Researchers remain intrigued by this species’ eyes that strongly resemble its human cousins. Some primatologists speculate that this primate’s blue bottom is also valuable for attracting mates. However, the exact reason for the blue butt is still unknown. Nevertheless, the lesula is a fascinating new monkey species that will continue generating interest and excitement among scientists and laypeople.

Blue-Butt Vervet Monkey

Vervet monkeys with blue butts help attract females and only the males have this feature.

©Nils Rinaldi / Flickr

Vervet monkeys are an Old World monkey species native to Africa. The most unusual attribute of this species is its blue rear end. In addition, male vervet monkeys have blue scrotum and nether regions that turn pale blue, turquoise, or white in adulthood. Another name for this species is the green monkey due to the greenish-colored fur on its back. This monkey species inhabits woodlands, savannahs, and forests. Only males have blue rear ends. Primatologists also believe this feature helps to attract females.

Red-Butt Monkeys

Unlike many monkeys with blue butts, monkeys with red butts are mostly females. Also, monkeys with red butts are relatively common like monkeys with blue butts. But, again, the reason seems closely tied to mating. Females use their red butts to signal males when they’re in heat and ready to mate. So let’s look at the red-butt vs blue-butt monkeys.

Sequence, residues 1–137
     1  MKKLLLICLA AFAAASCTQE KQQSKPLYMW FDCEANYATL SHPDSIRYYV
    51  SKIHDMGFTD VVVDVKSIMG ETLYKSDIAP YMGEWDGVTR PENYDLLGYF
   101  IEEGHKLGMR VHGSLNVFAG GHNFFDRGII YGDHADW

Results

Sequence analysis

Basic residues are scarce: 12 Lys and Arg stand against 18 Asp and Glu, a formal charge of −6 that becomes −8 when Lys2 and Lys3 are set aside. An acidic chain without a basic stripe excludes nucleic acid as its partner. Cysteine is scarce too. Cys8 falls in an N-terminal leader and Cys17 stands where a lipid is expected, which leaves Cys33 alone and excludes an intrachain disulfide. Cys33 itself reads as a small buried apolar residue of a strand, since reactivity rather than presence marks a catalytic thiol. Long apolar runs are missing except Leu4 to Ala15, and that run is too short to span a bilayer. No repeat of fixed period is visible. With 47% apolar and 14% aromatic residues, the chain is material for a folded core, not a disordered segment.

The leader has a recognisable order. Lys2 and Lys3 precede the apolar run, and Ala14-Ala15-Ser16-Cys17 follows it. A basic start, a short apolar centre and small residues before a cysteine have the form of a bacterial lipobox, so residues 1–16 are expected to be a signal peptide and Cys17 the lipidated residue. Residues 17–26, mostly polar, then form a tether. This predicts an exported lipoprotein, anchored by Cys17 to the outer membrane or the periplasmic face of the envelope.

Red-Butt Baboons

A group of baboons in a zoo
Male baboons have red butts that primatologists believe help to attract females and warn off predators.

©Nik Bruining/Shutterstock.com

Baboons are one of the most popular species of monkeys. They are easily recognizable by their long, dog-like snouts and thick fur. But one of the most distinguishing baboon features is their bright red bottoms. So why do baboons have red backsides? There are a few theories. One is that the red color is a way to attract mates. Another idea is that the red color serves as a warning to predators. The bright color may intimidate predators and make them think twice about attacking a baboon.

Rhesus Macaques

A Rhesus Macaque displays its red butt as it walks down a road
Female Rhesus Macaques with the reddest butts are most likely to attract mates.

©iStock.com/Yoyochow23